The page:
Yes. Induction is a solid way of getting to know things. Never fear.
First of all, it seems that the laws of physics themselves are in such a way, that they do not change over time. This just plain seems to be a feature built into our particular universe (like for instance, electrons, 2 plus 2 being four, and the speed of light) Do note that assuming the laws of physics are the same tomorrow as they are today have made a lot of people very, very wealthy.
Second, there is an extensive field of applied mathematics, Machine Learning, which works with a certain concept of statistics: The Bayesian Update. In short, every time a learning system gets new information from it's sensory channels, it updates it's internal probability distribution over possible sensory inputs to fit. It is a mathematically well-founded way of building an internal model of the surrounding environment, just by looking. Google made literally all their money by using machine learning.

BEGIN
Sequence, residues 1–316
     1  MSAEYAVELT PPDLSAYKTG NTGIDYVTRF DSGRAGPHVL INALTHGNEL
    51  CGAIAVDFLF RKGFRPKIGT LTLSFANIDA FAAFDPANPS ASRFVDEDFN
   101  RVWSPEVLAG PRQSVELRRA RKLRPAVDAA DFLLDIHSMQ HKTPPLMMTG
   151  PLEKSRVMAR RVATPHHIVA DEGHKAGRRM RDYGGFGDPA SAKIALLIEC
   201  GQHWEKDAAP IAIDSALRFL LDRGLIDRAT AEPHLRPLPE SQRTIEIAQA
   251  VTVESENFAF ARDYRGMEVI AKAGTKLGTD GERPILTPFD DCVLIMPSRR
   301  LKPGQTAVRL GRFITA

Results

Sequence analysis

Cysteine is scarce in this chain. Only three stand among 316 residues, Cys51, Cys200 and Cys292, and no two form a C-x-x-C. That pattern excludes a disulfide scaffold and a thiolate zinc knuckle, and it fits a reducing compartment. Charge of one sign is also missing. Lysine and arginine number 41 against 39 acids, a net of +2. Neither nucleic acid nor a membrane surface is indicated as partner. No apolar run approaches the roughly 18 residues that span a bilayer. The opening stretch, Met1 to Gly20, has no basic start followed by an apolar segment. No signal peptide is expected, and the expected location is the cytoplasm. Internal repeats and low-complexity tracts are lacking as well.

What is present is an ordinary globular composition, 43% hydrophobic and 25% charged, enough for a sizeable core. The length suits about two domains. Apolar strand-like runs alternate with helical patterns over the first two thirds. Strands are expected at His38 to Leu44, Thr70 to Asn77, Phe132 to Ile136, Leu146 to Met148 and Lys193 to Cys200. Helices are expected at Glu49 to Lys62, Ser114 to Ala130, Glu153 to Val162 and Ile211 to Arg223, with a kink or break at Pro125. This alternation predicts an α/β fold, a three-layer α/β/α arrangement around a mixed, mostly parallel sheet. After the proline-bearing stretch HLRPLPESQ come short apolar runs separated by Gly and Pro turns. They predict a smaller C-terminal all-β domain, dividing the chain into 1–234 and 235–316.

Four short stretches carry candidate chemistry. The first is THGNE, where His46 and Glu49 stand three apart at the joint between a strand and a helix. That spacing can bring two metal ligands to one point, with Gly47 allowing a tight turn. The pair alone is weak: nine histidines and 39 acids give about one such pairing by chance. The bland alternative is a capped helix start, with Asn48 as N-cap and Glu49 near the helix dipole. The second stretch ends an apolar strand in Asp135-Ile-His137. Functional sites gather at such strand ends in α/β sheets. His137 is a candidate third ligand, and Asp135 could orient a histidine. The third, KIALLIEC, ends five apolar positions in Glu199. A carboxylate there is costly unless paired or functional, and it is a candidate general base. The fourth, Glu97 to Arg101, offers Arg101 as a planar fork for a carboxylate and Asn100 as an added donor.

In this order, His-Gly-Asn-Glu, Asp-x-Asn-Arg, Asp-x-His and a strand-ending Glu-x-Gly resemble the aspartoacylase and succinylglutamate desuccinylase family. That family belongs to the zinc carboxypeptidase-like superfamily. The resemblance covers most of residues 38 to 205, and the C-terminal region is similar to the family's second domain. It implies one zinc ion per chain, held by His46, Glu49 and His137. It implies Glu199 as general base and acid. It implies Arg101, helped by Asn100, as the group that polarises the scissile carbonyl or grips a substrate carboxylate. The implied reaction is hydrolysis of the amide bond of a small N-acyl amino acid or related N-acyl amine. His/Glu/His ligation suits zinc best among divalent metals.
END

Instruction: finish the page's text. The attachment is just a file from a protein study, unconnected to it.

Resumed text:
Lastly, there is a brilliant formalization of Occam's Razor (the simplest explanation, all else being equal, should be favoured) called Solomonoff induction; where a hypothetical prediction machine runs all possible simulations of universes which would explain it's current sensory data, and every time it gains new information it discards the ones that don't fit. Given that it is not computable, it has yet to make people rich, but it has spawned some serious research in AI.
This is just a few name drops of what mathematicians work with when they talk about "inductive reasoning." And, again, there is money to be made with inductive reasoning, so ponder long and well before you argue against induction.
ETA: "Proof by induction" is something very different from inductive reasoning. Such a proof is only relevant when you are proving a property of numbers and works like this: If P is true for 0, and P being true for n implies that P is true for n+1, then P is true for all numbers. Prove P for 0; assumbe P for n and prove for n+1 and you're done.